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Old August 15, 2006, 12:30 PM   #26
PythonGuy
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Actually, unless you are in a "live fire" situation for real, you will never know how you will react, and how your accuracy will be. There are some cool hands out there to be sure, and a lot more that are not. Its like getting surgery, it may cure you or it may kill you, but its the choice of last resort, as gunplay should be.
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Old August 15, 2006, 12:44 PM   #27
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You are correct - but what many of us who have been there are trying to teach is that there ARE certain things that you can be sure of in a "live-fire" situation.
  1. Your fine motor skills are severely impacted
  2. Your ability to make precision shots is adversely affected
  3. You are going to look at the threat, not your gun
  4. You may/may not see your sights
  5. Visually, your world will reduce to a tiny point
  6. Your body will want to protect itself
  7. If you are not well-trained, your survival instinct is going to take over
  8. You're not going to remember a LOT of things right away.

These hard-earned lessons form the foundation of my training philosophy, as they do for anyone who's "been there, done that". If it works for you, cool.. If not, then that's the beauty of America...we can ignore things we don't like.
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Old August 15, 2006, 02:37 PM   #28
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pickpocket,

Fortunately, I have never been in a shoot out situation so the following is based on my opinion and conversations with avid shooters.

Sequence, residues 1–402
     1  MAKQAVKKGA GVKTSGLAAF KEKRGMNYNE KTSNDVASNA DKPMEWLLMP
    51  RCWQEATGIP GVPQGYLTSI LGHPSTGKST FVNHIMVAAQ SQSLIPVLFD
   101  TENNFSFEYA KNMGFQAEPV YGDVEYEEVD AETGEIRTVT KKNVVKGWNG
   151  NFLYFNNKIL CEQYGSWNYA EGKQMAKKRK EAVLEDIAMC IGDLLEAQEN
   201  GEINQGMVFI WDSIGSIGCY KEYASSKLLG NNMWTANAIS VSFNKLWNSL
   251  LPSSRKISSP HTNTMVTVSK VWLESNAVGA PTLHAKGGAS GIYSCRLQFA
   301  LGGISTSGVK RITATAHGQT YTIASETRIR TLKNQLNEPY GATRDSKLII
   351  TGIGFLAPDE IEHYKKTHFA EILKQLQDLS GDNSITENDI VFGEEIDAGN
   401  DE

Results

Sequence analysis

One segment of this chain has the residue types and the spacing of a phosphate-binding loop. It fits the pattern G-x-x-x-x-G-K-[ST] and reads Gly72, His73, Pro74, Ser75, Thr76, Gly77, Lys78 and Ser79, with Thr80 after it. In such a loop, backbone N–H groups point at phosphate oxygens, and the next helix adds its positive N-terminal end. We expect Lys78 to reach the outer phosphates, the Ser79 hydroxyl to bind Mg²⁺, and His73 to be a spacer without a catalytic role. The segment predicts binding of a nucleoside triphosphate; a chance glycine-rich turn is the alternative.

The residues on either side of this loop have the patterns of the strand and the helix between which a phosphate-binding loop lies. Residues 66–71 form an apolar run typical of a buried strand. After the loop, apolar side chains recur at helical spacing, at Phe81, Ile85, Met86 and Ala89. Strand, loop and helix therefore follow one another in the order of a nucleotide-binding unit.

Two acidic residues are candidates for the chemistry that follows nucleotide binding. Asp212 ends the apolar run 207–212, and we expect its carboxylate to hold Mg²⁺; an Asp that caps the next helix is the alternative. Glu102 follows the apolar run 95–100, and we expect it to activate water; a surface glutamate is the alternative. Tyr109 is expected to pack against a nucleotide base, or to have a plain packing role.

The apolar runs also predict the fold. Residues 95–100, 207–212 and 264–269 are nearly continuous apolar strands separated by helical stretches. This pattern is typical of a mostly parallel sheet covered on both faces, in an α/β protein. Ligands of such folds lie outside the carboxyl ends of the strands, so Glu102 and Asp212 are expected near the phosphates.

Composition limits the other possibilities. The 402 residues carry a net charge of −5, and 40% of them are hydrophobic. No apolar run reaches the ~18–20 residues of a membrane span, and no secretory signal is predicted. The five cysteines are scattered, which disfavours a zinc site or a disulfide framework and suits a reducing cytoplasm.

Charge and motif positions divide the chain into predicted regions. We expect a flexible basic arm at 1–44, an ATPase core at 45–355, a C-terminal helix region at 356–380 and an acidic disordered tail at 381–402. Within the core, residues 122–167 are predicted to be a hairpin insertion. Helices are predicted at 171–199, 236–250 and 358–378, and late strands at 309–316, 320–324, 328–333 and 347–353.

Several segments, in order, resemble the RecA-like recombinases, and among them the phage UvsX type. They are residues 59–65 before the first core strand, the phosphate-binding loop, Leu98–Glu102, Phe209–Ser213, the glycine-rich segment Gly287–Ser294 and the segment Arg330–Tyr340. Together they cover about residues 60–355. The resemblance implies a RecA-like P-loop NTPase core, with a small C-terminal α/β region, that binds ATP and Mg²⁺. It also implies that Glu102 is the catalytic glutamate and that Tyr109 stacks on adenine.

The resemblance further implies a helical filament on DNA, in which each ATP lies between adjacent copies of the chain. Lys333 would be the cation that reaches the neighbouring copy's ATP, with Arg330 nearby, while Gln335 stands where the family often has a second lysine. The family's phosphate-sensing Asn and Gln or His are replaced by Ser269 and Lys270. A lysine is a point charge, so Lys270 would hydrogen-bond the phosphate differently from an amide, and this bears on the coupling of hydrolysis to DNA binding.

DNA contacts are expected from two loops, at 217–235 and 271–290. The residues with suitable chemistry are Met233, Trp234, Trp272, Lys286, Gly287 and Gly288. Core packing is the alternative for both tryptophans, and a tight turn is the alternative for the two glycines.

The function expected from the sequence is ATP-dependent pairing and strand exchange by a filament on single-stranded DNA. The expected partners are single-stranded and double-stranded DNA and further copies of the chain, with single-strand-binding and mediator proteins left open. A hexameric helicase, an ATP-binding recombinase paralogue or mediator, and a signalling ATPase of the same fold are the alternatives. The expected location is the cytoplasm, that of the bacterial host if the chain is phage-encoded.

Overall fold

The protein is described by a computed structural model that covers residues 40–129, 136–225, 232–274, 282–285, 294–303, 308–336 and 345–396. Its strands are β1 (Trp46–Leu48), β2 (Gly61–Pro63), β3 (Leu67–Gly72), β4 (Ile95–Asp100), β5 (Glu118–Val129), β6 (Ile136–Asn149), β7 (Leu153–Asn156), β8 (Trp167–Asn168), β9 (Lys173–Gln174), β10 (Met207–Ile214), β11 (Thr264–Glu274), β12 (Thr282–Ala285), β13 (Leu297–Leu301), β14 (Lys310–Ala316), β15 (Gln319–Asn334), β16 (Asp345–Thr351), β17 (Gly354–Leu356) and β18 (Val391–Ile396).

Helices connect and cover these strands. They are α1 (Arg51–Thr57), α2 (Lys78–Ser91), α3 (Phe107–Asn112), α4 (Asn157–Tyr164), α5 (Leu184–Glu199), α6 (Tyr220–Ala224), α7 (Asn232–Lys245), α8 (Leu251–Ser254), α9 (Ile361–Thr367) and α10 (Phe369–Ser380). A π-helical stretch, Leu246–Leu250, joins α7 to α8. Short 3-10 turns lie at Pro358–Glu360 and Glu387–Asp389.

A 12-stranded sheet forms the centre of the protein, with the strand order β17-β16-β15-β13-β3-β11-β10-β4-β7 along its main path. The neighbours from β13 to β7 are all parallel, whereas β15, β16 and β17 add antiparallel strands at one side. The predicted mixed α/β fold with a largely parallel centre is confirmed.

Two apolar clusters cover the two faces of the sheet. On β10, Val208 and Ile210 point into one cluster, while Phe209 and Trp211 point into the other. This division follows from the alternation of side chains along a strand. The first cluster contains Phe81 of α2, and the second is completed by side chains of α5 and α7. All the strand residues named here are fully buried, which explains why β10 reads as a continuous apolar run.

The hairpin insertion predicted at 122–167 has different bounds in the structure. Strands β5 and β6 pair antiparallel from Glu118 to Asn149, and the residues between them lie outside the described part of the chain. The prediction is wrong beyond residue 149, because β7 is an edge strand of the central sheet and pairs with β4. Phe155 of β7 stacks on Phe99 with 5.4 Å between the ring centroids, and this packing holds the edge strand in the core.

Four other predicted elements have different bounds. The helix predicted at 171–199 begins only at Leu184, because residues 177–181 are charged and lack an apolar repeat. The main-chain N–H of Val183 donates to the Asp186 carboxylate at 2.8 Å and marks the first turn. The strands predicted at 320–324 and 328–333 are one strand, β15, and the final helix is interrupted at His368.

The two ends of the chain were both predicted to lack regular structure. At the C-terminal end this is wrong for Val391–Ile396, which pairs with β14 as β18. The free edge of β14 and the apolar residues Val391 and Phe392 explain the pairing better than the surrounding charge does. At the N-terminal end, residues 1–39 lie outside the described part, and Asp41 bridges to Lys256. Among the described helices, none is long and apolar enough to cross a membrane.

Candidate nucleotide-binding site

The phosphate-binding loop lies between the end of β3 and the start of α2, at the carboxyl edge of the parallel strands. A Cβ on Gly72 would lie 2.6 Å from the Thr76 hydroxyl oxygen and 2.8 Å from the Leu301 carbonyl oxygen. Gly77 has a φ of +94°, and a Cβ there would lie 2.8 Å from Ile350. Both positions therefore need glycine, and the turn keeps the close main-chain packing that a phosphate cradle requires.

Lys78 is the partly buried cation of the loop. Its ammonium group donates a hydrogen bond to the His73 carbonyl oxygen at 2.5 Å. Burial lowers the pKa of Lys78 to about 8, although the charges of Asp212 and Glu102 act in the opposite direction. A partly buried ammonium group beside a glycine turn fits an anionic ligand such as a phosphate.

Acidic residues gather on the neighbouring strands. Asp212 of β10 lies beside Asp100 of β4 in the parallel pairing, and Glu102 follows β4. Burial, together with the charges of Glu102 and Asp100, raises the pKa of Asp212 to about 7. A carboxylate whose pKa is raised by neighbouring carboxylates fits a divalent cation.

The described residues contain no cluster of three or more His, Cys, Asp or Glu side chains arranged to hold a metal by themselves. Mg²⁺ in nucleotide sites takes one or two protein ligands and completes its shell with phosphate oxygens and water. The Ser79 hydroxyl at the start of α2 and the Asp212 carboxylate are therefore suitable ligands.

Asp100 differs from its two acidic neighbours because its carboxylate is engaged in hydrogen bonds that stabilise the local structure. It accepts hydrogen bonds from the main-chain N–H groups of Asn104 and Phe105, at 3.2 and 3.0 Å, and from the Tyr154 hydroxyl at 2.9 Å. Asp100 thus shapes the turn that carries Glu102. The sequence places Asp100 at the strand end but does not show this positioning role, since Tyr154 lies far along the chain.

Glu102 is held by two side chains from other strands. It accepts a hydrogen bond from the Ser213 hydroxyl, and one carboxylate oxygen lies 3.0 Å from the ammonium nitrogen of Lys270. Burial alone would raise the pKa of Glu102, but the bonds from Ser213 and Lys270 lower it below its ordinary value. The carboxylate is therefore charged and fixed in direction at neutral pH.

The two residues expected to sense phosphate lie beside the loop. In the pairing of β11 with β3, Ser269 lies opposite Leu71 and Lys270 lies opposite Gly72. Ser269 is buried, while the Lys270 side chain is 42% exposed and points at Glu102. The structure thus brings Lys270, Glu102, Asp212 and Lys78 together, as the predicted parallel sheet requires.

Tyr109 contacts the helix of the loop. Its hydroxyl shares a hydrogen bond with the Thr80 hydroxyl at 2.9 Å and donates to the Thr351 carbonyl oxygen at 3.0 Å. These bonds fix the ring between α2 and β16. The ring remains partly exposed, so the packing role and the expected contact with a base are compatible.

While I agree that shootout is a very stressful situation, you will be shocked how much proper and frequent training will affect your ability when the poop hits the fan. When you develop muscle memory from repetitive actions, those become the default when your instincts take over. While your marksmanship may not be as good as your controlled environment, calm, slow fire you should still be able to hit your target.

With frequent practice, your brain should say, "hey, I know this scenario" and you will act accordingly. Now people who don't practice very often will usually go into panic mode and their shooting abilities will out the window.

I had one situation where I had to draw my weapon. I used to keep my Glock 26 in the center console of my car and I practiced drawing it on a somewhat regular basis. I had just pulled out of a drive thru and I stopped to let a couple of guys walk past to get into the restaurant. One of these guys ran up to my window which still happened to be down. Instinctively, my right hand reached down and flipped the center console open. I drew my gun and had it at the low ready position (down by the steering wheel to prevent a gun grab) in less than 2 seconds. The guy mumbled something about being drunk and not trying to cause any problems and walked off. There were 3 other people in the car with me and they were completely freaked out about how I drew the gun so quickly (they estimate it took no more than a second and a half so it isn't the whole time slowing down phenomenon.) Basically, I had practiced the drill and when the poop hit the fan, my training took over.

Is there a point to my long winded post? Yes. If I practice shooting for the upper chest as my default, that is where I will shoot when the poop hits the fan. I can almost guarantee that those shots will be much more effective than gut shots. Good practice makes perfect. Lousy practice makes lousy shots.
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Old August 15, 2006, 02:45 PM   #29
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pickpocket,